The formula would send state tax dollars to local districts based on annual weighted measures that rely on U.S. Census records and data from the state Revenue and Education departments, among others. That formula gave more money to poorer districts and less to wealthier ones.

Wolf wanted the new funding formula to start in the 2016-17 fiscal year. Republicans inserted language in the fiscal code — a separate budget document that dictates how money is spent — that the extra education money would be distributed using the new formula in 2015-16.

Wolf vetoed the fiscal code in March, killing the formula. The final budget document Wolf allowed to become law in March did not include a specific language concerning the formula. But the budget did say the extra money could not be spent without the "enabling" fiscal code in place.

Without a full fiscal code in law, Wolf is allowed to spend the education money as he sees fit as long as he does not go over the allocated amounts in the budget, said the governor's spokesman, Jeff Sheridan.

"We adopted the formula approved by the bipartisan Basic Education Funding Commission in order to bring more equity into how this money would be shared," said Senate Majority Leader Jake Corman, R-Centre. "At the time, the governor praised the commission, its findings and its formula — only then to turn around and ignore it."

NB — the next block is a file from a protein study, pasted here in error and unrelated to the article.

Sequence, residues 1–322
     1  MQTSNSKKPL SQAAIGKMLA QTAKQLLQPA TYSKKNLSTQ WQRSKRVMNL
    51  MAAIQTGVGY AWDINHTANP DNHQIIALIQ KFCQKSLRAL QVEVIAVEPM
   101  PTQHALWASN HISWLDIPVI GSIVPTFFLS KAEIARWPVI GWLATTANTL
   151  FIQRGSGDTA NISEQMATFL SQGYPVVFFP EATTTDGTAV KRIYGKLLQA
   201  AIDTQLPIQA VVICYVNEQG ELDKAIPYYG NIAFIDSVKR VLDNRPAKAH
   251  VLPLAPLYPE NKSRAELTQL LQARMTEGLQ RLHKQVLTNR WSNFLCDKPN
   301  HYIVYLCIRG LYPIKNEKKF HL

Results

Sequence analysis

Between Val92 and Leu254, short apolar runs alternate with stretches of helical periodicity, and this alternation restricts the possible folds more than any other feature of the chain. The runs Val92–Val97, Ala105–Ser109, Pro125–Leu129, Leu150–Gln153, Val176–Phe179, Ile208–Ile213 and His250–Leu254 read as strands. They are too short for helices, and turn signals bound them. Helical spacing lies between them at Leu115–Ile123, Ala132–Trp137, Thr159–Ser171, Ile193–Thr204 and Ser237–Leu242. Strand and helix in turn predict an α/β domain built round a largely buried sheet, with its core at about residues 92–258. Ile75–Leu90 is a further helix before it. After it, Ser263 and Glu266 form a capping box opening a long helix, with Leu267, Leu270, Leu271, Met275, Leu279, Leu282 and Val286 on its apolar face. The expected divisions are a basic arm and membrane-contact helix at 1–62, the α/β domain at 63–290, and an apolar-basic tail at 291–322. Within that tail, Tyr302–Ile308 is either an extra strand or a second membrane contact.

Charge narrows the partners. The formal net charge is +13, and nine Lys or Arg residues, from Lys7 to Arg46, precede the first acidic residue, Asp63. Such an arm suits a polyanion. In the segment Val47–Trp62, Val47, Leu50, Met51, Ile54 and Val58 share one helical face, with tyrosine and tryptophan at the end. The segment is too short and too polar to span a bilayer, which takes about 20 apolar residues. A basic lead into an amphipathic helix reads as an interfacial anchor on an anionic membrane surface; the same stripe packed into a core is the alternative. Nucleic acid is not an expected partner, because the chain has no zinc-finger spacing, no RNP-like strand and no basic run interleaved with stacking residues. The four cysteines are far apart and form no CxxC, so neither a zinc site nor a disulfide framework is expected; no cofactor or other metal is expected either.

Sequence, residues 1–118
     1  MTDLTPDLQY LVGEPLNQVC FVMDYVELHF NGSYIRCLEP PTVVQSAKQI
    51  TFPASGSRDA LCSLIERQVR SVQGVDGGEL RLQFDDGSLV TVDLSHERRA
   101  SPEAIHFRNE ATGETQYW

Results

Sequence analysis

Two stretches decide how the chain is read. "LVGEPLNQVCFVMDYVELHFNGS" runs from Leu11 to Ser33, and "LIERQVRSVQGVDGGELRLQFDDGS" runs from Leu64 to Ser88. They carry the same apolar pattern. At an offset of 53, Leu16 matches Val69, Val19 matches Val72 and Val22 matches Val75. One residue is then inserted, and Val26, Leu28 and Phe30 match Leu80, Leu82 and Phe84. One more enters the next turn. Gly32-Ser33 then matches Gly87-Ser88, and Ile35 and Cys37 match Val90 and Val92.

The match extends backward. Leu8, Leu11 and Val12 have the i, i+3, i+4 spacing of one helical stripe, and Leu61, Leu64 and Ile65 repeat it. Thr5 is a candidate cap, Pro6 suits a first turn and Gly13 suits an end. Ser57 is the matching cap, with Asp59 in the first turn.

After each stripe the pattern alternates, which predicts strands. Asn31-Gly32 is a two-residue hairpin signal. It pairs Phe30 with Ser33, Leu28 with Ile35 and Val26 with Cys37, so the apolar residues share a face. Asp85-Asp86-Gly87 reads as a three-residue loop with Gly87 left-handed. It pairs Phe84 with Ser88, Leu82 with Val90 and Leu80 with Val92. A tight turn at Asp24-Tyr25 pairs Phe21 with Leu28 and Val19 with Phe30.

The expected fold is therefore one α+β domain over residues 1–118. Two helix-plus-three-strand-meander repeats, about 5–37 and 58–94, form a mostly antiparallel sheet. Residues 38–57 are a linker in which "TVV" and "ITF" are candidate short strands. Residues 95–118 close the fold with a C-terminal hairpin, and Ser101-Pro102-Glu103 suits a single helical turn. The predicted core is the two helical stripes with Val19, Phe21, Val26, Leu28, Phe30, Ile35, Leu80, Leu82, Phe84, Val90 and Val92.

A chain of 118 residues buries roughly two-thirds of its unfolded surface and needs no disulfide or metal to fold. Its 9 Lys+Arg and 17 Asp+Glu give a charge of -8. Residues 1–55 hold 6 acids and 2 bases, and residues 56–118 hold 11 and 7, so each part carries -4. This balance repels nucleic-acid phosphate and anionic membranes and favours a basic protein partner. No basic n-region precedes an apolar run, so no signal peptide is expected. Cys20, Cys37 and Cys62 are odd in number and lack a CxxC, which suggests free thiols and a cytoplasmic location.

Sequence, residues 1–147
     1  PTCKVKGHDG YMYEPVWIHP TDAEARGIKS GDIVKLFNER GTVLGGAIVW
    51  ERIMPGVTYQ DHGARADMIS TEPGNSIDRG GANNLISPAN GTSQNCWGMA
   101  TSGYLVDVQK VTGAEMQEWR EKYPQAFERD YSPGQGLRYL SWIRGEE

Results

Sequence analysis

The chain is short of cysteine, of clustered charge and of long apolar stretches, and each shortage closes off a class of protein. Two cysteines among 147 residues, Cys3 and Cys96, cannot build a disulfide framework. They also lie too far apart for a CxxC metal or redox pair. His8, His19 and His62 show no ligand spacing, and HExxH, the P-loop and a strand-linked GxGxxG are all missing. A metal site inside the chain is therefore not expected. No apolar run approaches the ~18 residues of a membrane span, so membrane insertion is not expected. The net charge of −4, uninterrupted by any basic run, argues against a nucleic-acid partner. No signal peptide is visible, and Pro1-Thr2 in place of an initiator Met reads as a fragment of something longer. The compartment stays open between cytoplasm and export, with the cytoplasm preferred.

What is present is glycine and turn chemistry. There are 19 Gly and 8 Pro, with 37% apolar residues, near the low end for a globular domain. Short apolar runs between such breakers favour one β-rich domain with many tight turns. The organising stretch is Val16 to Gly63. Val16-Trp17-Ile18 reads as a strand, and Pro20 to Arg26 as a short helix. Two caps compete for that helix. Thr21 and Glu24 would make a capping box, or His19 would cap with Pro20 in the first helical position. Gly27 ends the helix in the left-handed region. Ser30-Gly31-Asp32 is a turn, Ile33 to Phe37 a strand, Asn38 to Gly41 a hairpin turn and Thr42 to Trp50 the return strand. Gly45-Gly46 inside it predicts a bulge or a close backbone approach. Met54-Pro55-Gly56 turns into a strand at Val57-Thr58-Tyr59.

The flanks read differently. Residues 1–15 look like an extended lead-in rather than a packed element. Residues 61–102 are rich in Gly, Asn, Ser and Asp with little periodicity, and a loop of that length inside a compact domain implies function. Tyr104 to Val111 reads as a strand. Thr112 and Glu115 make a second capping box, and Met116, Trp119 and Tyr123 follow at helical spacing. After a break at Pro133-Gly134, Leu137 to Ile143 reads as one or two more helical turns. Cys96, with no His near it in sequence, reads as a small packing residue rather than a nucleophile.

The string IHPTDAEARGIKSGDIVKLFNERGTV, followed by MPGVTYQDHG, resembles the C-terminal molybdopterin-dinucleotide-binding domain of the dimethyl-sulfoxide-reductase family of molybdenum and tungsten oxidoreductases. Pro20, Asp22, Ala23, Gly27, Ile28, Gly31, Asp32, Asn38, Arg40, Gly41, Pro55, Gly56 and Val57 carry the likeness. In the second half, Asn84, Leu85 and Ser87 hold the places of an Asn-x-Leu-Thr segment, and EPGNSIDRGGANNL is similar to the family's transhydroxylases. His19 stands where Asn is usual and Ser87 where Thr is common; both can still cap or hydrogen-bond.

The 2016-17 fiscal year begins July 1.

Twitter @sesack


Copyright © 2016, The Morning Call

Tuesday, April 5, 2016

Say it ain't so.....


Gov. Tom Wolf allowed the remaining portion of the state Legislature’s 2015-16 budget to become law March 23, without his signature. The governor vetoed the accompanying fiscal code, because it “contains unconstitutional provisions, guts important environmental regulations and tries to establish legislative authority over issues that fall under executive jurisdiction,” according to a press release from Wolf's spokesman, Jeff Sheridan.

Pennsylvania’s budget impasse has come to an end. A $30 billion spending plan is in place. So we can stop talking about it, right?

We’re afraid not.

The fiscal battle may be finished, but the war between Gov. Tom Wolf and the Republican-controlled Legislature may have just begun.